SSPX - The Priesthood - Bishop Fellay Speaks

Bishop Bernard

After more than two decades as the Superior General a happy and relaxed Bishop,
now relieved of his burden, on his visit to England in 2019.

Where does SSPX stand with Rome

On November 1, 2012, on the feast of All Saints, Bishop Bernard Fellay celebrated Mass at the seminary in Ecône. During his sermon, after recalling the spiritual meaning of this feast, he explained the status of the relations of the Society of Saint Pius X with Rome. – The title and subtitles are by the editors of DICI.

some excerpts - for the full sermon go to the dici website.

Bishop Fellay…Now, to speak about the future, what we will try to do with the Roman authorities is to tell them that it does no good to pretend, for the sake of the faith, that the Church cannot be mistaken. Because, at the level of faith, we are entirely in agreement about the assistance of the Holy Ghost, but you have to open your eyes to what is happening in the Church! It is necessary to stop saying: the Church can do nothing bad, therefore the new Mass is good. It is necessary to stop saying: the Church cannot err, and therefore there is no error in the Council. But look at reality then! There can be no contradiction between the reality that we apprehend and the faith. It is the same good God who made both. Therefore if there is an apparent contradiction, there is certainly a solution. Perhaps we don’t have it yet, but we are not going to deny reality for the sake of the faith! Now this is truly the impression that one has with regard to what Rome is trying to impose on us today. And here we reply: we cannot. That is all.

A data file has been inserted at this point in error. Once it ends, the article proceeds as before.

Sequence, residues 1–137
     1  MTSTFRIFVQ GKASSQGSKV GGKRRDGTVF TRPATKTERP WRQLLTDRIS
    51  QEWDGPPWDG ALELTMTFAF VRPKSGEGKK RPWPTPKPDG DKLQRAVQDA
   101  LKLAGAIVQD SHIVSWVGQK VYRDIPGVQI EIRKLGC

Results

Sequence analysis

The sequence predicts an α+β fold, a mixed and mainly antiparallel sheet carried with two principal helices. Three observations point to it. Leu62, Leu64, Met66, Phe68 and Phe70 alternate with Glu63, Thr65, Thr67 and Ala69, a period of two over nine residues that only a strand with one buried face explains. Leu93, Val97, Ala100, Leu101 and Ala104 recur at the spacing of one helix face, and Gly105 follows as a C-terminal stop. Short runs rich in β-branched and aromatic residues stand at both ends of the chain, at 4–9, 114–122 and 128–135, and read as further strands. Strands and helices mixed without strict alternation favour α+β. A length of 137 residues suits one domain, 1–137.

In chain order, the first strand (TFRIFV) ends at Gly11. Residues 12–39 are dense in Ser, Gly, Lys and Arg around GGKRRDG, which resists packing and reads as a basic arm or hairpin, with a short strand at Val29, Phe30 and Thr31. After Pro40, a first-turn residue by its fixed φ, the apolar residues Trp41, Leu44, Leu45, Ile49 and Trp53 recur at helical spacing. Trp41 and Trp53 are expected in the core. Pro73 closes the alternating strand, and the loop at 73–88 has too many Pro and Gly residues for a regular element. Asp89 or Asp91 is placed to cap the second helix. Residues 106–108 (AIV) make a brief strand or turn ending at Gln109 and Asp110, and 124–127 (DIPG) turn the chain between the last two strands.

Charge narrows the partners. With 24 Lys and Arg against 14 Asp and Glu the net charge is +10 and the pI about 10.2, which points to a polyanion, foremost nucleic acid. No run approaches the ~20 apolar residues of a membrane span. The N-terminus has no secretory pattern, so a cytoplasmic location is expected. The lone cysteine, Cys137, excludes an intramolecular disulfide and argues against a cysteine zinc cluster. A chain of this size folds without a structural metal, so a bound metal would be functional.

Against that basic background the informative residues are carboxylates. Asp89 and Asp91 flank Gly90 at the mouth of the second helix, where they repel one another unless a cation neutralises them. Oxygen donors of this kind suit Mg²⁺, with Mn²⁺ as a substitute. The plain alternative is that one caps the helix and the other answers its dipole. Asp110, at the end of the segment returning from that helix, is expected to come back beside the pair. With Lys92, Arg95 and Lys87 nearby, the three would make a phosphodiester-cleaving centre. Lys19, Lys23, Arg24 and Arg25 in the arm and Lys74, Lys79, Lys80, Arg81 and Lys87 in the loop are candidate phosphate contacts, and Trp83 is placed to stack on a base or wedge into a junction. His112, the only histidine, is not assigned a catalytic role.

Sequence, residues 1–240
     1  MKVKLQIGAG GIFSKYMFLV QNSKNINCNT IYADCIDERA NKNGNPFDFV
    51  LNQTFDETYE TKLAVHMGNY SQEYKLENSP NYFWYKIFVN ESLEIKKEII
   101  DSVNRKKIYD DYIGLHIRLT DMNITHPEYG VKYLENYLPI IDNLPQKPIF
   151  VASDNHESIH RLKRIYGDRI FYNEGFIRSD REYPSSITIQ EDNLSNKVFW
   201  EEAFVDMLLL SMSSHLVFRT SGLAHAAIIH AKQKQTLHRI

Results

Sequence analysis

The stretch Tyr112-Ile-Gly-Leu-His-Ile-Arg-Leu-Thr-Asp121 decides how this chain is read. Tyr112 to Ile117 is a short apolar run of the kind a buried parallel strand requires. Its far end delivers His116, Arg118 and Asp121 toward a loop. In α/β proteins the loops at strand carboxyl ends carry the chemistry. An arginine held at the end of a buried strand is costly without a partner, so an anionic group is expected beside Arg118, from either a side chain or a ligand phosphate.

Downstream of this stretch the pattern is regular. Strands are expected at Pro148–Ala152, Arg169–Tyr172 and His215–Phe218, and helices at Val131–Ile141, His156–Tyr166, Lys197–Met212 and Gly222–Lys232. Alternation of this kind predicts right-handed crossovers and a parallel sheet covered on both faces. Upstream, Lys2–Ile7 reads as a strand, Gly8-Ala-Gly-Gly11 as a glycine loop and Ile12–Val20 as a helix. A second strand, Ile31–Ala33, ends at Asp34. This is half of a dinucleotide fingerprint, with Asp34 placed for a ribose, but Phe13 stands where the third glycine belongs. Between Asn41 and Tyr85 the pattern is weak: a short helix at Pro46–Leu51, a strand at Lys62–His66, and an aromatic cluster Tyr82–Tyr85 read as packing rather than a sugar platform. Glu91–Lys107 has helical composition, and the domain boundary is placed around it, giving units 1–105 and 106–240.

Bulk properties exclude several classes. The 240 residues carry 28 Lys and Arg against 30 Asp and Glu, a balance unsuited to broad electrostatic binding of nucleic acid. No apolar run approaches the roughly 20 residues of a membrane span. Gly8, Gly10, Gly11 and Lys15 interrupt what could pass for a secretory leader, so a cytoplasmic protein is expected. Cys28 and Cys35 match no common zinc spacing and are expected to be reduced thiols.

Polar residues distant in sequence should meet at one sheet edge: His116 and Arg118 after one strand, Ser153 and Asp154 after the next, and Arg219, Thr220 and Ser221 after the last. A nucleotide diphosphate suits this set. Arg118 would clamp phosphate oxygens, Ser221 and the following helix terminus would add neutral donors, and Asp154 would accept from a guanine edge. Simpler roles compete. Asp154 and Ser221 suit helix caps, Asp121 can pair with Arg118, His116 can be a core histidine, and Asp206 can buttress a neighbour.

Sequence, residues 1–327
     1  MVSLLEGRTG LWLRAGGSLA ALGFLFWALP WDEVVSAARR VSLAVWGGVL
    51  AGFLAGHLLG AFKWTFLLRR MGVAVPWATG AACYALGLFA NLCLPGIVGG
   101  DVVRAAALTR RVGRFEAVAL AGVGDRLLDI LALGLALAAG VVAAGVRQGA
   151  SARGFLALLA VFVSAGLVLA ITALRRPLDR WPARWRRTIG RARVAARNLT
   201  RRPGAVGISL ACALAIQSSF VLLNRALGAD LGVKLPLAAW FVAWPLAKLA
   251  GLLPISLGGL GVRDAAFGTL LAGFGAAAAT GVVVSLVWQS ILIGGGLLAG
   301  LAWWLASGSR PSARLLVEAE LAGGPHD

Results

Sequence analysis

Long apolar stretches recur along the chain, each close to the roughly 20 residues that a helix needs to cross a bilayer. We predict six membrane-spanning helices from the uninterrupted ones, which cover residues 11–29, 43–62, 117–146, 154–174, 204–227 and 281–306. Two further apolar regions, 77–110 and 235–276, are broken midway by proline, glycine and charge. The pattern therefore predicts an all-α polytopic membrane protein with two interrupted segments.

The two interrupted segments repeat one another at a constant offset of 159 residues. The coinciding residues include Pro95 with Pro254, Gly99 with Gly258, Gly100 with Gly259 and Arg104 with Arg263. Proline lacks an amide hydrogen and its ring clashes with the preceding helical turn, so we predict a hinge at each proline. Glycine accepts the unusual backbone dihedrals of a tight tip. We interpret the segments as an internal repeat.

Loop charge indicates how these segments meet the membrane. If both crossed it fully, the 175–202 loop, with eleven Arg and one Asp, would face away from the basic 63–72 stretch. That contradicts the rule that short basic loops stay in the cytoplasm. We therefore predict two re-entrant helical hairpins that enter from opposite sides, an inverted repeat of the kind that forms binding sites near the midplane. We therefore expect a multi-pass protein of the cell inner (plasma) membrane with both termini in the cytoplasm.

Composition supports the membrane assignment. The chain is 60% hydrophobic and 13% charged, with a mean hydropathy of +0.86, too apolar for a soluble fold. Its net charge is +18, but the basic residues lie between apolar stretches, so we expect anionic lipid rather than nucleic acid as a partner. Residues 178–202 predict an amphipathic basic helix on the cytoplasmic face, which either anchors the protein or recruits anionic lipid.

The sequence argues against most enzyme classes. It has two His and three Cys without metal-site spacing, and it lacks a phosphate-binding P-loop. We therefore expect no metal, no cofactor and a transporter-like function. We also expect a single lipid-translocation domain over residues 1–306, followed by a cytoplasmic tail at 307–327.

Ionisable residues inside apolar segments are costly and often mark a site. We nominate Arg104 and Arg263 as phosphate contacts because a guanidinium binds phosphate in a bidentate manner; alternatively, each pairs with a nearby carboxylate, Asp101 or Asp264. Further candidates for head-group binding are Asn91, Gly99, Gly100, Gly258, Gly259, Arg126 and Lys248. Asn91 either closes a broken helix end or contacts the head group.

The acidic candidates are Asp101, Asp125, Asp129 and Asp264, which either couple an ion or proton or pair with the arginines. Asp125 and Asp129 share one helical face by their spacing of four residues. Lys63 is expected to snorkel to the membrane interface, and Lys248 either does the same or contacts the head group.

And therefore we continue, come what may! We know very well that one day this trial—a trial that affects the whole Church—will end, but we do not know how. We try to do everything that we can. Don’t be afraid. The good Lord is above all that; He is still the boss. That is the extraordinary thing. And the Church, even in this state, is still holy, is still capable of sanctifying. If today, my very dear brothers, we receive the sacraments, grace, the faith, it is through this Roman Catholic Church, not through her faults but certainly through this real, concrete Church. It is not an image, it is not an idea, it is a reality, the most beautiful aspect of which we are celebrating today: Heaven. Well! Heaven is prepared here below. That is the beauty of the Church, this terrifying, extraordinary combat with the forces of evil in which the Church finds herself, and even in this state of terrible suffering in which she is today, she is still capable of transmitting the faith, of transmitting grace, the sacraments. And if we give them—these sacraments and this faith—it is through this Church, it is in the name of this Church, it is as instruments and members of the Catholic Church that we do so.

May the saints in Heaven, may the angels come to our aid and support us! Obviously it is not easy, obviously we are fearful. This is what today’s Gradual says. It is necessary to have fear of God. To those who fear Him, the good Lord gives everything. Let us not be afraid of having fear of the Lord. The fear of the Lord is the beginning of wisdom. May it lead us through the labyrinths of life here below toward Heaven, where the Blessed Virgin Mary, Queen of all saints, Queen of angels, is really our protectress, truly our Mother. If we say about Our Lord that He wants to be all in all, we must say almost the same thing about the Blessed Virgin. We have a mother in Heaven who has received from God an extraordinary power, the power to crush Satan’s head, to crush all heresies. Therefore we can also say that she is the mother of faith, the mother of grace. Let us go to her. Let us consecrate to her our lives, our families, our joys, our sufferings, our plans, our desires. May she lead us to that eternal haven so that we might always enjoy eternal happiness with all the saints, that vision of God which is the beatific vision. So be it. Amen.
In order to preserve the character of this sermon, the oral style has been retained. (Source: FSSPX/MG – Pictures : Seminary of Ecône – Transcription and translation by DICI no. 264 dated November 9, 2012)